One thing is for sure. Batting need to selected as per requirement of format with 2-3 players being common factor. For ex Yusuf Pathan, Utappa need to be in T20 team perhaps at cost of Gambhir and Rohit who seem more suited for ODI format. Raina,Yuvraj,Kohli and Dhoni are common players for both ODI and T20 format. Sehwag needs to be more responsible or else retire and replaced by Unmukt Chand or Rahane in ODI. Talented spinners like Harmeet , Aparajith , Iqbal ,Saxena need to be trained as per formats they need to play. Tearway fast bowlers need to be found and polished. Seamers with swing capability need to be encouraged

  • Mahesh on October 9, 2012, 16:00 GMT

    Hats off to you Siddharth. There couldn't have been a better written article on India's real problem than this.

  • Naresh on October 9, 2012, 11:34 GMT


  • david on October 8, 2012, 17:58 GMT

    they can certainly play T20 when its a big paypacket. but their game seems to go to pot when if for their country. so simple solution is pay them less for ipl and more for when they play for their country.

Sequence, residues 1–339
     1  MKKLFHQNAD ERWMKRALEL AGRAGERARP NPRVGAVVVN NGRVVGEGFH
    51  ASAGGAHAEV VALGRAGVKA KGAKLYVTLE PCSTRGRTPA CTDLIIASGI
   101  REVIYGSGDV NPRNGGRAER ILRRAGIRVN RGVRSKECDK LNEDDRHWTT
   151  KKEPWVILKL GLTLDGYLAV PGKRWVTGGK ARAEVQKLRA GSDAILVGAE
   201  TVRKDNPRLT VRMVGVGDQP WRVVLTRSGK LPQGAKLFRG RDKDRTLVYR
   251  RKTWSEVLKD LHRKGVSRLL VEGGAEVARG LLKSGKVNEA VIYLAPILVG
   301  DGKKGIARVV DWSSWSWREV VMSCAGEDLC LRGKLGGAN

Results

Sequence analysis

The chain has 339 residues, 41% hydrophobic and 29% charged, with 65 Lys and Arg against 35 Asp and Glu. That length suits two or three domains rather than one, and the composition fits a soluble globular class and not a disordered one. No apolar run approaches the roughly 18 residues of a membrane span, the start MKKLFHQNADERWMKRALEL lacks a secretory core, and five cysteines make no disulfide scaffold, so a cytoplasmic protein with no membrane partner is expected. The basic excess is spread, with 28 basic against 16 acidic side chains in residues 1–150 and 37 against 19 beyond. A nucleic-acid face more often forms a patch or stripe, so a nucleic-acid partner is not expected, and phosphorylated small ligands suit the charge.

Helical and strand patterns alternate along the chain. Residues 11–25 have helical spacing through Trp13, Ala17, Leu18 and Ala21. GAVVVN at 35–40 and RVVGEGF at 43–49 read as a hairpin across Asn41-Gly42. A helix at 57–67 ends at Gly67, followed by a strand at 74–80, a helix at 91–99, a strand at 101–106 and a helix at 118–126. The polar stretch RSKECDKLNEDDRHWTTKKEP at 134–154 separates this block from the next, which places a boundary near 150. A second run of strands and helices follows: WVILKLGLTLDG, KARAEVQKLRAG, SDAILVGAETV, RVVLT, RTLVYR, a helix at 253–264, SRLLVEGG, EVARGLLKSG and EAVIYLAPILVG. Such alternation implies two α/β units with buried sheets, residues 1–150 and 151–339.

• akash on October 8, 2012, 17:26 GMT

    The first thing BCCI needs to do is to have the selection committee organised better so that for Tests, ODIs and 20-20s teams could be selected according to the merits of each format and continuity maintained. For example the next 20-20 may be played after 4 Tests and 5 ODIs. So when the team is picked it must be a continuation of this WC team. But what happens is that the selectors may pick an ODI team and continue with the team for the 20-20. Worse is when ODI performance is counted for Test selection. Like picking Raina ahead of Rohit Sharma and Ajinkya Rahane for Tests. The solution could be that out of the 5 selectors 1 each could completely concentrate on one format of the game alone so that effectively it can function as a 3 member committee for each format.

  • s on October 8, 2012, 13:58 GMT

    Fan--tas--tic Mr.Sid...Spot on ...Loved every bit of this article.This is one of the brave article for this Season..